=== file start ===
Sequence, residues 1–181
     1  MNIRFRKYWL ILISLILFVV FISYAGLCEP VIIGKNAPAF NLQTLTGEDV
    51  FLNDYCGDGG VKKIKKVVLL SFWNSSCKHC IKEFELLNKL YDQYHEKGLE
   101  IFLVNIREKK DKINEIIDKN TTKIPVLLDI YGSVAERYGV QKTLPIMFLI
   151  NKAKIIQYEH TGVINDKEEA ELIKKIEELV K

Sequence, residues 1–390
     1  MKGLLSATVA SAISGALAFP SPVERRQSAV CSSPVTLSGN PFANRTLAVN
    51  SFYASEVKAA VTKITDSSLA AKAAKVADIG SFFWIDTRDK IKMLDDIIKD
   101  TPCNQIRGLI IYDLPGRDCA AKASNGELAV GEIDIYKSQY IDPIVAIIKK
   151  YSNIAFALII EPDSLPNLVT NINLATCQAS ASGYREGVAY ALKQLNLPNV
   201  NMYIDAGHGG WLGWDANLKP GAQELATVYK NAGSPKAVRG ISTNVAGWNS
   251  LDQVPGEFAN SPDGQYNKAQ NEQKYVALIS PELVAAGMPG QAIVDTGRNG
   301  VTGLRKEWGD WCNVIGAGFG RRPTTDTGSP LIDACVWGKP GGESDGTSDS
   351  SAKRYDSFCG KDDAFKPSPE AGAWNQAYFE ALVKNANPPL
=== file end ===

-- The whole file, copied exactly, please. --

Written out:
Sequence, residues 1–181
     1  MNIRFRKYWL ILISLILFVV FISYAGLCEP VIIGKNAPAF NLQTLTGEDV
    51  FLNDYCGDGG VKKIKKVVLL SFWNSSCKHC IKEFELLNKL YDQYHEKGLE
   101  IFLVNIREKK DKINEIIDKN TTKIPVLLDI YGSVAERYGV QKTLPIMFLI
   151  NKAKIIQYEH TGVINDKEEA ELIKKIEELV K

Sequence, residues 1–390
     1  MKGLLSATVA SAISGALAFP SPVERRQSAV CSSPVTLSGN PFANRTLAVN
    51  SFYASEVKAA VTKITDSSLA AKAAKVADIG SFFWIDTRDK IKMLDDIIKD
   101  TPCNQIRGLI IYDLPGRDCA AKASNGELAV GEIDIYKSQY IDPIVAIIKK
   151  YSNIAFALII EPDSLPNLVT NINLATCQAS ASGYREGVAY ALKQLNLPNV
   201  NMYIDAGHGG WLGWDANLKP GAQELATVYK NAGSPKAVRG ISTNVAGWNS
   251  LDQVPGEFAN SPDGQYNKAQ NEQKYVALIS PELVAAGMPG QAIVDTGRNG
   301  VTGLRKEWGD WCNVIGAGFG RRPTTDTGSP LIDACVWGKP GGESDGTSDS
   351  SAKRYDSFCG KDDAFKPSPE AGAWNQAYFE ALVKNANPPL